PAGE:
Allergy to Latex

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Latex allergy is a hypersensitivity to the naturally occurring protein found in rubber which may cause symptoms to arise. These symptoms may be as mild as skin irritations (contact dermatitis), hives, itchy eyes, runny nose, to more severe occurrences such as asthma and life-threatening anaphylaxis.

The symptoms and signs associated with anaphylaxis include:

  • Difficulty breathing
  • Dizziness
  • Confusion
  • Wheezing
  • Nausea
  • Vomiting
  • Rapid or weak pulse
  • Loss of consciousness
  • Shock
  • Respiratory failure
  • Circulatory failure

Many medical and dental supplies contain latex, including gloves, blood pressure cuffs, urinary catheters, dental dams and material used to fill root canals, as well as tourniquets and equipment for resuscitation. The tendency to develop allergies to latex appears to be an inherited trait, and as with other allergies, the more intense and frequent the exposure to latex, the more likely one is to develop an allergy to it. Healthcare workers have a greater chance (up to 10%) to develop a latex allergy due to their repeated exposure to rubber based products. However, in recent years, there has been a move to decrease the addition of powder in these gloves (powder was used to ease the ability to put on the gloves and decrease perspiration of the hands within the latex gloves), and this appears to have decreased the occurrence amongst healthcare professionals of latex allergies.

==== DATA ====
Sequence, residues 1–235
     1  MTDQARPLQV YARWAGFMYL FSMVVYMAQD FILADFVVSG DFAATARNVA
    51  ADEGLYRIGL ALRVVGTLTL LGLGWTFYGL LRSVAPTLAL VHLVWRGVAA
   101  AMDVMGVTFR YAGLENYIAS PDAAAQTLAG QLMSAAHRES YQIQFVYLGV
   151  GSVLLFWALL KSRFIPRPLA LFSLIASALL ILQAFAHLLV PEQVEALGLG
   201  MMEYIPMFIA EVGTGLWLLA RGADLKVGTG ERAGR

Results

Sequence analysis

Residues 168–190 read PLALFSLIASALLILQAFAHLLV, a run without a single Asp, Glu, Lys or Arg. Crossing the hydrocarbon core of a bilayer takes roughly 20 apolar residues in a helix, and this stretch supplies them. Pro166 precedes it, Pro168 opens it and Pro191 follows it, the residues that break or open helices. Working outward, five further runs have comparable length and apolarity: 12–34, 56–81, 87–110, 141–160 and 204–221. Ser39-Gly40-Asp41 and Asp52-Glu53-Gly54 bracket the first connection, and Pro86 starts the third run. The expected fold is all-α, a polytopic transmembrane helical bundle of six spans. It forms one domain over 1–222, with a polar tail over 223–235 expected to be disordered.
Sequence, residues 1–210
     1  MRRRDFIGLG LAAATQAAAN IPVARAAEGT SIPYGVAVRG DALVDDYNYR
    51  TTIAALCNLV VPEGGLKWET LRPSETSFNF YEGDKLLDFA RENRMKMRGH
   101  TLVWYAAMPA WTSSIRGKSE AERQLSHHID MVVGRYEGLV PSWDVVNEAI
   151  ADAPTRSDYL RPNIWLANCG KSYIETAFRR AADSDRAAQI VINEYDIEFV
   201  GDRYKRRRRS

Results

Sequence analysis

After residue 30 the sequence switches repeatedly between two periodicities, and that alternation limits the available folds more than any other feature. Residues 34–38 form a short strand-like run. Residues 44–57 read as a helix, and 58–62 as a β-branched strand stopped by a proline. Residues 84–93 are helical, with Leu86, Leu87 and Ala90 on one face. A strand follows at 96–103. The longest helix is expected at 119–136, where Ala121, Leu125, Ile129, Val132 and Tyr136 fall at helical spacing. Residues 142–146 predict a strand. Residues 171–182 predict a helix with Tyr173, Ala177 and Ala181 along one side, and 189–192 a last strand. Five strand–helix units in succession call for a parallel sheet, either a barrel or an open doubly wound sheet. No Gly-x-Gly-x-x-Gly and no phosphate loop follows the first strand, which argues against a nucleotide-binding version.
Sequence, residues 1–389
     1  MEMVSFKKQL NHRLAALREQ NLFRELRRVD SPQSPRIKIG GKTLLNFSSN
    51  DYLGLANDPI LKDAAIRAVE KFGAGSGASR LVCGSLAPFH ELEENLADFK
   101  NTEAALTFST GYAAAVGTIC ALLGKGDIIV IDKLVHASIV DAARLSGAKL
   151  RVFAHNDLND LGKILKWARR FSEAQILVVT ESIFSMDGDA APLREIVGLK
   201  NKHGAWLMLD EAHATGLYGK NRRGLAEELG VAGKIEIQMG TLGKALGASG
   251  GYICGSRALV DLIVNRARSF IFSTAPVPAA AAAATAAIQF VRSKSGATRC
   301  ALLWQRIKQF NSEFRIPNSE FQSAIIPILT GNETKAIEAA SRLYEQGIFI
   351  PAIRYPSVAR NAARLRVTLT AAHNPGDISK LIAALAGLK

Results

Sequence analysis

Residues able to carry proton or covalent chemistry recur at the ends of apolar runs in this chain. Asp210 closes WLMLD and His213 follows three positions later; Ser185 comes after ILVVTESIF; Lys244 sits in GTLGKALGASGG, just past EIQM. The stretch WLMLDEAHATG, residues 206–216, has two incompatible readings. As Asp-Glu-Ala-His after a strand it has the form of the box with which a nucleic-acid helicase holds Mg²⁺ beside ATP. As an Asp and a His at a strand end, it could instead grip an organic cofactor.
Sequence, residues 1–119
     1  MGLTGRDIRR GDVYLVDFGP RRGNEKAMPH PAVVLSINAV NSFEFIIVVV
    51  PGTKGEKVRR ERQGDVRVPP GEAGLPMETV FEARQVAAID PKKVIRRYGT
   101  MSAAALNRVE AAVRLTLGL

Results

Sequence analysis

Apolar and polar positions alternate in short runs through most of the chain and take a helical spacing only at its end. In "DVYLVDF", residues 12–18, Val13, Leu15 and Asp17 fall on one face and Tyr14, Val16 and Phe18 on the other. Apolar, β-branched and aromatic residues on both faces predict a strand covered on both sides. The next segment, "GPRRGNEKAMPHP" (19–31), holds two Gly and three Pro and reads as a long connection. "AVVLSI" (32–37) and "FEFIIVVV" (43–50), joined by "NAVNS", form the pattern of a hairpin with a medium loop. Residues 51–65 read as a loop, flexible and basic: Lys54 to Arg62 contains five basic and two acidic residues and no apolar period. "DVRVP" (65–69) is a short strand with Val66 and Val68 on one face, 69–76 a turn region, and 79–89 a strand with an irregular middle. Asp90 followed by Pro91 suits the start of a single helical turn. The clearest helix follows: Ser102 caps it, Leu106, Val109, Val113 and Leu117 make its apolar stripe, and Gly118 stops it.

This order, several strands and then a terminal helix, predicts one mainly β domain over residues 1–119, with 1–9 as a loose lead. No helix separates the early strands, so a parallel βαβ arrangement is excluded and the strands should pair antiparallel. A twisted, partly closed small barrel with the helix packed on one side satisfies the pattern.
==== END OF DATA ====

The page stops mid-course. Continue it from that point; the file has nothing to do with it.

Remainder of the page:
Other groups at risk include those who have had various surgeries, especially those involving the nervous system and genitourinary tract system. Children with spina bifida also appear to have a higher occurrence of developing latex allergies.

If you have a known sensitivity or allergy to latex or any related items, please notify our office. Non-latex substitutes can be found for all of the latex-containing items that are normally used.[/vc_column_text][/vc_column][/vc_row]